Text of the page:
If you’ve been a software engineer for very long, you’ve probably worked on a codebase that’s seen better days.
It’s not clear where the next feature should be added. Some components do too much, and some components do too little. Every change you make seems to break something else. Writing software has transformed from delight to drudgery. Your task list has become a toil list.
But it doesn’t have to be this way.
As a boy, I spent many happy years in a scout troop. Camping was the highlight. And by the time I returned from my first trip, I’d learned the cardinal rule of camping:
Always leave the campground cleaner than you found it.
Leaving the campground cleaner was the only way the next campers could enjoy it. Who wants to arrive at their destination only to spend their first hour picking up trash? We didn’t, and we knew the next group wouldn’t either. So before we left, our troop lined up and marched from one end of the campground to the other, picking up anything that didn’t belong.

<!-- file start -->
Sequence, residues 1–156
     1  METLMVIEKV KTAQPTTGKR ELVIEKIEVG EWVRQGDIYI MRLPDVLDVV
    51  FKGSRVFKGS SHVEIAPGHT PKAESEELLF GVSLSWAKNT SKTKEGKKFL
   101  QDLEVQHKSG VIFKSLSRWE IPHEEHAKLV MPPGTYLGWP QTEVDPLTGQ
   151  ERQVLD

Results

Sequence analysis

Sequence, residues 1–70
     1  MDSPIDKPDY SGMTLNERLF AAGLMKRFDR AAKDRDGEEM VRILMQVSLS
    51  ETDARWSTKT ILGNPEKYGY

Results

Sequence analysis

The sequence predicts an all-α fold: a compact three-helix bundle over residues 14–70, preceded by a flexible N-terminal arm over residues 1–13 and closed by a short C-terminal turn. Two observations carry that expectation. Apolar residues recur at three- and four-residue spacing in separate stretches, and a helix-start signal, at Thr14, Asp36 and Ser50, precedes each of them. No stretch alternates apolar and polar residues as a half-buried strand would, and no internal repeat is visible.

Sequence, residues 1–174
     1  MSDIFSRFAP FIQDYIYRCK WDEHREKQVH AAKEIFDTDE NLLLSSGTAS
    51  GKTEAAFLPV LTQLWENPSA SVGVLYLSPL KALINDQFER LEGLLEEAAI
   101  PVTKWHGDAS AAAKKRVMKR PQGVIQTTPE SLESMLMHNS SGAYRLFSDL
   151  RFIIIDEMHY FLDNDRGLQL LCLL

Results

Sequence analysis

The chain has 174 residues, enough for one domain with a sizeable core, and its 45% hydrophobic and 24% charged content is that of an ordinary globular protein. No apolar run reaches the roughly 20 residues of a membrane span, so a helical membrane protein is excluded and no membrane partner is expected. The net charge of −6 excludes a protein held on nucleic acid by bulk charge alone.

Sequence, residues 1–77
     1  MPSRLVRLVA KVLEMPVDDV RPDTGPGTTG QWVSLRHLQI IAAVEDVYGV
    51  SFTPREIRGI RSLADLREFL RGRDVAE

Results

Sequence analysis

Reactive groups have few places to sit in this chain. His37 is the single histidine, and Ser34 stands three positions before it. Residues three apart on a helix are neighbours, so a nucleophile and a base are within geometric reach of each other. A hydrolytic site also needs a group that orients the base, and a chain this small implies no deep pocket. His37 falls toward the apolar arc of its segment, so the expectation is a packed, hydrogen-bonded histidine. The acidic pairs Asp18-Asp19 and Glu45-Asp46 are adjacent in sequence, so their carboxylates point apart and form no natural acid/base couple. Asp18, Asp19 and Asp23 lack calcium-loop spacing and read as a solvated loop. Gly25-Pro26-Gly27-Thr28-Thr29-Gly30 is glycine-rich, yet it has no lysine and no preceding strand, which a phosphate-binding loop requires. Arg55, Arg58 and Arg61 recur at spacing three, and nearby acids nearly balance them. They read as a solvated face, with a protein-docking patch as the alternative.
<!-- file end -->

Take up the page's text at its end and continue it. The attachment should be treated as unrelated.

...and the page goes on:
So what does this have to do with software engineering?
Your codebase is your campground.
It didn’t start out trashy, and no (good) engineer deliberately creates chaos. But every codebase has a trajectory. Leaving one smelly bit of code today doesn’t make much difference. Repeating that every day? You know the rest of the story.
How can you apply scouting’s rule to coding? Start by adding these practices to your workflow:
- Refactor first. If the current design makes adding a feature hard, improve the design then add the feature.
- Add a test daily. Are parts of your system uncovered? Adding a single test to uncovered code daily will add approximately 200 tests per year.
- If you see something, fix something. Is a variable or function poorly named? Rename it. Is a function too complex? Break it up.
- Enable reformat on save. Nearly every editor does this now, and it ensures your code always conforms to the agreed-upon style.
These practices place your codebase on a different trajectory. Fixing one variable name today doesn’t make much difference. Repeating that every day will rewrite the story.